Books to Read Between the Classes and the Chaos

Books to read when you have no time

For the students out there who just finished their first week of classes, or for the working professional continuously struggling at their daily grind–this is for you. 15 minute break between classes? There’s a book for that. Half an hour lunch break? There’s also a book for that.

As someone who consumes books like popcorn (frantically grabbing for more and ignoring the few bad kernels that get stuck between teeth because there’s always the buttery perfect kernels in there somewhere), I have personally dealt with the “no time to read” dilemma and trust me, I know it is horrible. Being too busy to read is a terrible thing, but sometimes it just takes having the right book to make it work. There is hope.

Option #1: Re-read

Howl's moving castle

Often, during times of high-stress (mid-terms anyone?), your mind needs a break. No time for fresh material when you’re trying to cram. The solution? A re-read. Grab a favorite off your shelf and be comforted by the familiar words of The Hobbit or The Sorcerer’s Stone. My go-to? Howl’s Moving Castle.

Option #2: Fluff

Books to read: delirium lauren oliver

Sometimes, light and fluffy is the only way to go. If there isn’t sufficient time to delve into a book by Haruki Murakami, then there’s no shame in picking up a Sarah Dessen novel. Some suggestions might be Don’t Look Back by Jennifer Armentrout, or Scarlet by Marissa Meyer. Although not-necessarily “chick-lit,” a good place to start might be with a book by Lauren Oliver. I recently read Delirium and it was very fast-paced and easy to get into.

Option #3: Graphic Novel

Books to read, allie brosh, hyperbole and a half

Too pressed for time to even read a 300pg YA? It’s time to bring out a graphic novel. My top suggestions include Hyperbole and a Half by Allie Brosh, and This One Summer by Mariko Tamaki.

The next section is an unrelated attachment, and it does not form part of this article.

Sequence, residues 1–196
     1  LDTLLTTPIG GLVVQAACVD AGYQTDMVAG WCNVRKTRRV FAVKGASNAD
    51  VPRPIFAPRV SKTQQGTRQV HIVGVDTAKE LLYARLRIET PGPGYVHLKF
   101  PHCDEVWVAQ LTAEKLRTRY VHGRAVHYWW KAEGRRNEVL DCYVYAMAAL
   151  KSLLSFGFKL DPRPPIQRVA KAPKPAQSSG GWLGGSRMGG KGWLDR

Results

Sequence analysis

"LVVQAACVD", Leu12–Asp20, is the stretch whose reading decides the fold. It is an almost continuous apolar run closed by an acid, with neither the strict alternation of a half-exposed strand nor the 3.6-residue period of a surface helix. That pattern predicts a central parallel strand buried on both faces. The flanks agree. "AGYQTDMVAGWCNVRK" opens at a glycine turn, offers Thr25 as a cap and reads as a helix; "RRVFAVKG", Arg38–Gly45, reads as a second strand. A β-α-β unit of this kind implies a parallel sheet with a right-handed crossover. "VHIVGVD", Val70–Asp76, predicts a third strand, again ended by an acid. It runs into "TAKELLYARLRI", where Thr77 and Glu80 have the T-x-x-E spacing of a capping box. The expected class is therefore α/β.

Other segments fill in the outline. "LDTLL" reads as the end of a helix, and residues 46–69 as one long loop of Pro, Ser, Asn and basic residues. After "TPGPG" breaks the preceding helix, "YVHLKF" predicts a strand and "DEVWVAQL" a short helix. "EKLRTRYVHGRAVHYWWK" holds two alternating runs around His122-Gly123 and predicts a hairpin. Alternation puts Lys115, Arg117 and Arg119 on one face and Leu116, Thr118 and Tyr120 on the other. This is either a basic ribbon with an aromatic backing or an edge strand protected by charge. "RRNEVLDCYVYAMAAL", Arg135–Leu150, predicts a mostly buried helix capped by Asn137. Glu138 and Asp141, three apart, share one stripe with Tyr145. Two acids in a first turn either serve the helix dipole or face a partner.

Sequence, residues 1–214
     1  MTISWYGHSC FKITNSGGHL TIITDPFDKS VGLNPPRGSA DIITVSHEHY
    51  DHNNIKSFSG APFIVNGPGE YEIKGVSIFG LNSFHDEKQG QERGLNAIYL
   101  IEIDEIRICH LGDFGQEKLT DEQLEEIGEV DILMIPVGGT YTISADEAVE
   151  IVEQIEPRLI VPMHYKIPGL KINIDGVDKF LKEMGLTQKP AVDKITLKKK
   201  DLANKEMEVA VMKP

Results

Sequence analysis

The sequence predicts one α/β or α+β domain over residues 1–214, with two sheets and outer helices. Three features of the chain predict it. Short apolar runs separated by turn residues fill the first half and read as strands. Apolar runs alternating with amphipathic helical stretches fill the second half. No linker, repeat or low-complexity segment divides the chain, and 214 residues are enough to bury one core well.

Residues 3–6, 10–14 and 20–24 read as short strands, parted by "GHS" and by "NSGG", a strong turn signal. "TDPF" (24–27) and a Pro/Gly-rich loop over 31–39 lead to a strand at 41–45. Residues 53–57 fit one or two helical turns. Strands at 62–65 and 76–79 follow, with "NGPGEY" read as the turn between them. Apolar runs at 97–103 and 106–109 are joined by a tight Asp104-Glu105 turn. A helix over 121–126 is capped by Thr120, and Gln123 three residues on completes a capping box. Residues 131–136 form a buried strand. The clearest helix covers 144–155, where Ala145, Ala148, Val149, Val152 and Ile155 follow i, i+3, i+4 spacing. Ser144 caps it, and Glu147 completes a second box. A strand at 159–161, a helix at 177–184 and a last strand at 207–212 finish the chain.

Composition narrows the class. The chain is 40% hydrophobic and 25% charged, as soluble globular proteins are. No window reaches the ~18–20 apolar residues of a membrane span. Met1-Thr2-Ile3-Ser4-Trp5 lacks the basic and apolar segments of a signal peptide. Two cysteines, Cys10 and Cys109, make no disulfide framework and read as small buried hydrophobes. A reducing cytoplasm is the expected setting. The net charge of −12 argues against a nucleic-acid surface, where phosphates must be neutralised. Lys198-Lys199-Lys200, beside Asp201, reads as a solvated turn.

Option #4: Non-fiction

Books to read: heartbreaking work of a staggering genius by dave eggers

For some people, non-fiction may not be what you pick up when you want to just read for a good time, but those people clearly have not read the right non-fiction, because non-fiction is fantastic. Sitting by my bedside this week is a copy of Annie Dilliard’s For the Time Being as well as A Heartbreaking Work of Staggering Genius by Dave Eggers. Sometimes it is easier to pick up and read a handful of pages from a book when there isn’t an intense plot to rush through.

Option #5: Classics

Books to read, a tree grows in brooklyn by betty smith

Sometimes this will mean a re-read, sometimes it will mean a fluff-read–either way, no matter the circumstances, it is good to have one classic book close at hand. I have found that, despite having tried ardently to make my way through this list of top 25 books to read, I always discover another great highly-acclaimed work that I have not read. The other day I checked out A Tree Grows in Brooklyn, because somehow I’ve made it twenty-one years without having read it. Other suggestions might be On the Road by Kerouac or maybe The Color Purple by Alice Walker.

Option #6: Poetry

Books to read, ariel by syvia plath

There is always time for a poem. Poetry is usually short, usually interesting, and still, almost always, rich and vivid and fulfilling. I always finish reading a poem feeling more educated and somehow spiritual, (but maybe that’s just me). At any rate, poems are typically small and can be read in small time-segments. My top suggestion, for those acquainted with poetry and those who are unfamiliar, is Sylvia Plath’s Ariel.

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